Your Next Move

“Move or be moved.”   ~ Colin Powell


As a young salesman, things were going great! I had worked hard to build my book of business by broadening our offerings with existing customers while landing new business. Then I was thrown a curveball-my biggest customer was merged with their larger competitor. My friendly buyer was gone and the new merged business was controlled by an unknown. I had to play my cards right and really analyze what my next move would be.

Why? Because when business is in transition and on the bubble, you have to think clearly about what your next move is going to be. If you don’t, there may not be a next move. Timing is also very important during this period.

How? You need to step back and discern what is known vs. unknown. For instance, I knew the customer’s business but had little knowledge of the competitor who took controlling interest. My buyer friend had left for a position with another company and the clock was ticking. The first thing I did was make contact with my old friend, the former buyer, to congratulate him on his new position. He was more than happy to hear a friendly voice, especially since he was still finding his way at the new company. As we talked he was open, candid and willing to share what he knew.

Based on the former buyer’s feedback, I did additional research and looked into the background of their current supplier of the same product line. This helped me understand how to approach what was basically a new business prospect. To them, I was the unknown. Armed with new knowledge of their business and my track record with the former company, I presented the value proposition of how and why we could benefit from doing business with each other. After a second meeting, we came to an agreement: they would continue with us for one year and based on proof of performance, our relationship would be up for review. Fortunately, it was business as usual and we continued to do business for years after that.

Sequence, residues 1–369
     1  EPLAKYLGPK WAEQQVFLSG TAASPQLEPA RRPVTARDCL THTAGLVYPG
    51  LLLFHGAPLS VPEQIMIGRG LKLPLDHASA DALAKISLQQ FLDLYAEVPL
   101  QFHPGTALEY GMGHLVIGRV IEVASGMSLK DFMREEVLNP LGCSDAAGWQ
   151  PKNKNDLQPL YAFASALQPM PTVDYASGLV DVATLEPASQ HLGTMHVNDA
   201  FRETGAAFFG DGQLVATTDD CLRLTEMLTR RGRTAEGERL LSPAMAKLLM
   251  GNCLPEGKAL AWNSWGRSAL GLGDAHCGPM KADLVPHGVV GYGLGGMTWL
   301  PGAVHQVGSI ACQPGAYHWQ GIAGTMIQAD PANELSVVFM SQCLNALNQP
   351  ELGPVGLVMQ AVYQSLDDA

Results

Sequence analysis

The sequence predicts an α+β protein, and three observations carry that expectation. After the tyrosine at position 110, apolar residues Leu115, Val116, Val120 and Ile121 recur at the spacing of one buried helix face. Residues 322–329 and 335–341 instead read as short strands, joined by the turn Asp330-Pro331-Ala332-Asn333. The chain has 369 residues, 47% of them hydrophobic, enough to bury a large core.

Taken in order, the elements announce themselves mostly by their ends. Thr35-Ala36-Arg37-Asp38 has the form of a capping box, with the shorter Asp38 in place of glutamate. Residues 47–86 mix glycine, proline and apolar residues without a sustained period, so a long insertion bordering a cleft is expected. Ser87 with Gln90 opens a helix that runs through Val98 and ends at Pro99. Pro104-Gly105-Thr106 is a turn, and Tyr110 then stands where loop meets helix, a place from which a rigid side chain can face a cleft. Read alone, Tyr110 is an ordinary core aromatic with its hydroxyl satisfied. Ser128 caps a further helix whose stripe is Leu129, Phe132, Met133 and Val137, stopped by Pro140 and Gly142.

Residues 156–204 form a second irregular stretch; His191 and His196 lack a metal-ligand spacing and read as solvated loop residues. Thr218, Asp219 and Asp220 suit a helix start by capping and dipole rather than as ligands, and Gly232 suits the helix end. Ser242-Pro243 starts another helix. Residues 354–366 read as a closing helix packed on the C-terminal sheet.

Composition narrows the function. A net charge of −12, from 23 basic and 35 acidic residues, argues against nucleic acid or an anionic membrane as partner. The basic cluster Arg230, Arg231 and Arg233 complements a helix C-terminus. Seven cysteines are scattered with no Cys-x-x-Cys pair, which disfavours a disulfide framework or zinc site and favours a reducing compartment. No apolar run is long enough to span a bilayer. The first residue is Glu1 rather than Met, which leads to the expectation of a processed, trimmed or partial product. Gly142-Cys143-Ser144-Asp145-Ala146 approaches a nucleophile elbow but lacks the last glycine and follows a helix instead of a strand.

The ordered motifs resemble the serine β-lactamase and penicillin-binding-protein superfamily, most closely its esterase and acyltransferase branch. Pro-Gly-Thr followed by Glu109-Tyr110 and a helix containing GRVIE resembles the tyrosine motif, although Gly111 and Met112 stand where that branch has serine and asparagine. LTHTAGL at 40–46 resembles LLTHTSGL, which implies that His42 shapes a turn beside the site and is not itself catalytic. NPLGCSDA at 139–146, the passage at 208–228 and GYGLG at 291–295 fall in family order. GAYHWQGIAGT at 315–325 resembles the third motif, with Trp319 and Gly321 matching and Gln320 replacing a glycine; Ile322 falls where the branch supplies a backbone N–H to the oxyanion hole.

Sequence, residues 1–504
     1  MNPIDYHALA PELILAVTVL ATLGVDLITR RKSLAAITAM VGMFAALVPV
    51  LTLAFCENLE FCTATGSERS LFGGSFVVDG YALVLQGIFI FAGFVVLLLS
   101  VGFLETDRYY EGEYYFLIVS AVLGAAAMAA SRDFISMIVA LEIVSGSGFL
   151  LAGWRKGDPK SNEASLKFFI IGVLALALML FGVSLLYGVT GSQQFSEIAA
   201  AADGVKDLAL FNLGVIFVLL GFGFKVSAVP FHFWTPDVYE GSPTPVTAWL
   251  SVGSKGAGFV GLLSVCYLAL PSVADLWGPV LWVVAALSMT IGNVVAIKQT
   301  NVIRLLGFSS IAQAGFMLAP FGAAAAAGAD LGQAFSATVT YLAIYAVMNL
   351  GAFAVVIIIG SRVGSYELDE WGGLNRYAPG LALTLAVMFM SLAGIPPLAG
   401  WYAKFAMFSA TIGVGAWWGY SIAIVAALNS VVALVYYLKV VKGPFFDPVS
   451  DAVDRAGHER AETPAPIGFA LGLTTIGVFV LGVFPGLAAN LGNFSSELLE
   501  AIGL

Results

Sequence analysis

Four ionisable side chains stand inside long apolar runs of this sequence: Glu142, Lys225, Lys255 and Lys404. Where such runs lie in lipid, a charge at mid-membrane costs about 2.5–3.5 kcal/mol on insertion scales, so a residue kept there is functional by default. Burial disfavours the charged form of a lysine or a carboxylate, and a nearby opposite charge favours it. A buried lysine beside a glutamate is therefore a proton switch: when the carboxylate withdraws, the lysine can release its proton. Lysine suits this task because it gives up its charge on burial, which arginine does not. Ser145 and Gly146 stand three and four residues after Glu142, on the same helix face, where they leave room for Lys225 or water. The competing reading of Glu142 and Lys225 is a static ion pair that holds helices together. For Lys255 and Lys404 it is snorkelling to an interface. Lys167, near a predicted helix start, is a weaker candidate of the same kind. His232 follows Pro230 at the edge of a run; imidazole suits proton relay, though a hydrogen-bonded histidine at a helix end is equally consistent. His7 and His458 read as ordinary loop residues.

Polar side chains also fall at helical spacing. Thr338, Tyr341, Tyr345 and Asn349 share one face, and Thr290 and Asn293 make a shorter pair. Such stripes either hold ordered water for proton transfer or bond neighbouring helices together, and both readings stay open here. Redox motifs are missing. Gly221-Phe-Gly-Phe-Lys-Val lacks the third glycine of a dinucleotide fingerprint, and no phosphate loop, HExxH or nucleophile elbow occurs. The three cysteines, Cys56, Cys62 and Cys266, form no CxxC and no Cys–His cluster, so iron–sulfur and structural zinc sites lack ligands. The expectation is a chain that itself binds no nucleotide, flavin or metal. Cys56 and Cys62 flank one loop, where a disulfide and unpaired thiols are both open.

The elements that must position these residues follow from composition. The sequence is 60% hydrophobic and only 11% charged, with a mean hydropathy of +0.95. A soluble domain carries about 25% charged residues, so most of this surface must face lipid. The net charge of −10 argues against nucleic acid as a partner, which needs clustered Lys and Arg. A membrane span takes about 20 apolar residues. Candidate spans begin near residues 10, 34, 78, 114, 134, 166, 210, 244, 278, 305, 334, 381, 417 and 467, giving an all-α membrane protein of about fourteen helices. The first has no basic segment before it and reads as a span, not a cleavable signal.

As far as my relationship with the former buyer, we stayed in touched. Eighteen months later, I was invited to make a presentation and eventually landed that business as well. The moral of the story is that by doing your homework, understanding that new owners see you as an unknown, and looking at change as a new opportunity (rather than a given), you dramatically improve your chances for success. Also, when people like my friendly buyer leave, they tend to look for and land positions in similar industries. It’s your job to stay in touch and keep that relationship fresh and worthwhile for both parties.